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The new novel Foxlowe is a creepy thriller about a child cultist. It will stay with you.

Foxlowe, by Eleanor Wasserberg Penguin Press
Constance Grady is a senior correspondent on the Culture team for Vox, where since 2016 she has covered books, publishing, gender, celebrity analysis, and theater.

Eleanor Wasserberg’s new novel Foxlowe is an insidiously creepy little book, modern in its understanding of psychology but purely Victorian gothic in its atmosphere.

It’s told by a girl named Green, who grows up in a decaying mansion called Foxlowe in the English countryside. She’s living in our time, but you couldn’t tell from the way her life works: Green is raised by a group that describes itself to Green as “the Family” and to outsiders as “a commune,” but which is clearly a cult. The Family isolates itself to avoid contact with the amorphous force it calls “the Bad,” so Green doesn’t know how to read, but she does know how to smoke pot without choking and how to do perform neo-pagan rituals that involve standing stones and ley lines.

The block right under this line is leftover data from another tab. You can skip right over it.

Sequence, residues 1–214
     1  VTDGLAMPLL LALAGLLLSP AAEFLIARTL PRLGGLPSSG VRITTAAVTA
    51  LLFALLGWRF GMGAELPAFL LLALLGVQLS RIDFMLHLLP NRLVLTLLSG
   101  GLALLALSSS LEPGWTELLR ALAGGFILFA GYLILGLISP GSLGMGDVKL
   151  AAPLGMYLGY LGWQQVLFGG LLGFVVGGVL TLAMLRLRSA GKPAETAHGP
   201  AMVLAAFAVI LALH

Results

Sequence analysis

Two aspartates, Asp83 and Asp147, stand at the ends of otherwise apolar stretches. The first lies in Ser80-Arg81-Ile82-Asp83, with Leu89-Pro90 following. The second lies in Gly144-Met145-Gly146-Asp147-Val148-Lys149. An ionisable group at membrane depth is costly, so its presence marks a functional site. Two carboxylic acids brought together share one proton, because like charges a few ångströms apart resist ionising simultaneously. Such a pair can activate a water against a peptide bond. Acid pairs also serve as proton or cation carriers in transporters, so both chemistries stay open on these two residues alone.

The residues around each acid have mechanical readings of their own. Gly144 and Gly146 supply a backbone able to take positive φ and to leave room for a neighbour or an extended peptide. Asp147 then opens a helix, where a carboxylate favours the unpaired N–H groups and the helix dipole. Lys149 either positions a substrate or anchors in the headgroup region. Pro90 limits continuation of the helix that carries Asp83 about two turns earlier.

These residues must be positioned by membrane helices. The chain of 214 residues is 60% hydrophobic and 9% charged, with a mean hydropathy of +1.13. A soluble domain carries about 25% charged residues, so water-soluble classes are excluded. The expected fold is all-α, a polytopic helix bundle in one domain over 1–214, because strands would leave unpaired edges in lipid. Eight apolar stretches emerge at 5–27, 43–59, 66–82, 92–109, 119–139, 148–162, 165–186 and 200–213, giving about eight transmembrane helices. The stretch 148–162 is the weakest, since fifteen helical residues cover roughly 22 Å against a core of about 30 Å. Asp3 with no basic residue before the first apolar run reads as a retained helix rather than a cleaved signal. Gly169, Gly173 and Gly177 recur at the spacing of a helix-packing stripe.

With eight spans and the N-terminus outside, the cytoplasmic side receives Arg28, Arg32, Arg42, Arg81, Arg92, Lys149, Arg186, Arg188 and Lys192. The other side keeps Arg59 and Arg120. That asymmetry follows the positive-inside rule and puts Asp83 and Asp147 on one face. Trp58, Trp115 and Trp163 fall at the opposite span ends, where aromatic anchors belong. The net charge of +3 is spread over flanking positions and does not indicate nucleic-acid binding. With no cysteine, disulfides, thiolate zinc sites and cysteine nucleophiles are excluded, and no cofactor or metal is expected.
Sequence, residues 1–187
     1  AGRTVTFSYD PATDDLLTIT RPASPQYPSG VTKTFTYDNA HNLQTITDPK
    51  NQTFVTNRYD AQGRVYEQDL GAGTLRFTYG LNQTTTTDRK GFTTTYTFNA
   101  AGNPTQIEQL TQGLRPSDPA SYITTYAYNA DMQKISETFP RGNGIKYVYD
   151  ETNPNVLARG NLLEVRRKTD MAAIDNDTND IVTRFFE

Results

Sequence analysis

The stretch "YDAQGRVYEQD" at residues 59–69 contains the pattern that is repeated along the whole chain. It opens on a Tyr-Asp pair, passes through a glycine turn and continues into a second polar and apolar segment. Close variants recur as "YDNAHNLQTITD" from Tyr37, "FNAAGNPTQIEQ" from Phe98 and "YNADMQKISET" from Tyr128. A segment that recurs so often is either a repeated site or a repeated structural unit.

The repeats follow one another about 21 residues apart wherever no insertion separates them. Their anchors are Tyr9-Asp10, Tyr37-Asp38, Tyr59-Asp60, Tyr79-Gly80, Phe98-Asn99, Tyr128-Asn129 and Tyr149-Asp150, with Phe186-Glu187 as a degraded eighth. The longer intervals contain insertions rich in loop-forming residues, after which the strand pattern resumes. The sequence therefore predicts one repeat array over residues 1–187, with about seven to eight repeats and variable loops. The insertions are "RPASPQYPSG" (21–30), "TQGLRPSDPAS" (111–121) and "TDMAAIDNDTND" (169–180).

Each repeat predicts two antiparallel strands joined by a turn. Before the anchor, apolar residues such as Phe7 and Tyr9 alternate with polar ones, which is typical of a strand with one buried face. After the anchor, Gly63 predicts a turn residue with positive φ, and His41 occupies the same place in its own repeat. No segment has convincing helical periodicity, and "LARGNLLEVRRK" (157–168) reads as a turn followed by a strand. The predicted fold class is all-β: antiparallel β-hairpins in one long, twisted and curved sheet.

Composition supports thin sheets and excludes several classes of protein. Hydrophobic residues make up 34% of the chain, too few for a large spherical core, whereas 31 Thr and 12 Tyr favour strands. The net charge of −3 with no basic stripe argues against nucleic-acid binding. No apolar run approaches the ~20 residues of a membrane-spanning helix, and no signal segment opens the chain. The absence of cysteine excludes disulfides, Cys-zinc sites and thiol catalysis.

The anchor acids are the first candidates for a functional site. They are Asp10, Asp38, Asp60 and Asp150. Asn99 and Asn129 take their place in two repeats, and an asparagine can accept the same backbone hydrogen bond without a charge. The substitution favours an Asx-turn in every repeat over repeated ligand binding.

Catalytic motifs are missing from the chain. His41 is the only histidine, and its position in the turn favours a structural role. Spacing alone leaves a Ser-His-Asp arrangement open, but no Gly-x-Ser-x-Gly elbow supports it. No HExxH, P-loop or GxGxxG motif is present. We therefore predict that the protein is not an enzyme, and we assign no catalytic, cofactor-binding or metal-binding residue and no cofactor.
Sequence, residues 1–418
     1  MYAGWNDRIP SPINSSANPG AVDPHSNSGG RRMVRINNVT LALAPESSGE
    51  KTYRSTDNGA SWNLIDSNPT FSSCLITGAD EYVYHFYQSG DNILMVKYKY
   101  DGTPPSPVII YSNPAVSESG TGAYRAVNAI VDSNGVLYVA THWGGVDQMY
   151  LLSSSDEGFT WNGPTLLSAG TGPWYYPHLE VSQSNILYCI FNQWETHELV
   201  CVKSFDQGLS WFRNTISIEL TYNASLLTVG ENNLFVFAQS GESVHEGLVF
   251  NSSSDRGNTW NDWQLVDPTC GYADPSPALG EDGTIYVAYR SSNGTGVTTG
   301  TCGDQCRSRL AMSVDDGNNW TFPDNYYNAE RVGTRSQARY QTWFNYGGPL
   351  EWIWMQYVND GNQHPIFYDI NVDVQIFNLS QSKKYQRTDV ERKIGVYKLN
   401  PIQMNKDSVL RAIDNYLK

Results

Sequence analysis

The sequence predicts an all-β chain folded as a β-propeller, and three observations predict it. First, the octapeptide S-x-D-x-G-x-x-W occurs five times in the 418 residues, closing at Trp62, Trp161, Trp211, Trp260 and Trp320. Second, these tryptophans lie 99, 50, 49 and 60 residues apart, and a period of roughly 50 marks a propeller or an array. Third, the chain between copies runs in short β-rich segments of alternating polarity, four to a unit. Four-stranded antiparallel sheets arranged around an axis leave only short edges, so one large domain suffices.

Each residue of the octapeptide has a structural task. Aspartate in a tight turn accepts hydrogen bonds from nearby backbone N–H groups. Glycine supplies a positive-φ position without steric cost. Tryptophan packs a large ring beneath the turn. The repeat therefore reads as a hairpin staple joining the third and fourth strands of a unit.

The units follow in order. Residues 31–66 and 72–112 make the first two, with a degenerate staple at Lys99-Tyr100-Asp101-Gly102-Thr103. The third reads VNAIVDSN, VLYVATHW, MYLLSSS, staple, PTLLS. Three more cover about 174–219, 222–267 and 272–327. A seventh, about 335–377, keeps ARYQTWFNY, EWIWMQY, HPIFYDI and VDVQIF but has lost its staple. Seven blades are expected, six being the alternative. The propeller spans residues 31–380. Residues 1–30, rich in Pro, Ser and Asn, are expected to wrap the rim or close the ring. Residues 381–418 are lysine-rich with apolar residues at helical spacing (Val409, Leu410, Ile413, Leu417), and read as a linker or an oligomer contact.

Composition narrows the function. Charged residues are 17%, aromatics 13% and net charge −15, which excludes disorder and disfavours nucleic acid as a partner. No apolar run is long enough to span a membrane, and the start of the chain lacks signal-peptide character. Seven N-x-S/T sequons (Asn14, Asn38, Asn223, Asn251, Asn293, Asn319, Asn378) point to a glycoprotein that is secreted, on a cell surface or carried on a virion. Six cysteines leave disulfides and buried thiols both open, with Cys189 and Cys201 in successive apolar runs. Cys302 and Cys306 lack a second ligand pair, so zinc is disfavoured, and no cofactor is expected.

And Green knows that if she ever steps out of line, a woman named Freya — clearly Green’s mother, although she never says so — will punish her viciously. Sometimes Green is starved, sometimes she’s shunned, sometimes she’s burned, and sometimes she’s forced to take a “Spike Walk” and trail her wrists over a series of jutting nails until she bleeds.

For Green, this is normal and to be expected: Freya, she believes, is only trying to keep the Bad from getting to her. Green loves Freya, and she thinks Foxlowe is the best place in the world. Her favorite game to play is All the Ways Home Is Better, in which she lists off all the things that makes Foxlowe superior to the outside world she’s never experienced.

Green’s naive voice — frank and straightforward even as she describes horrors — is heavily reminiscent of the child narrator of Emma Donoghue’s Room, but the setting, with its rotting house full of secrets and a shadowy and threatening woman flitting through it, is straight out of Shirley Jackson.

Foxlowe is dark, eerie, and compelling, all the way from its opening description of a Spike Walk through to its chilling conclusion. It’s not for the faint of heart, but it will stay with you.

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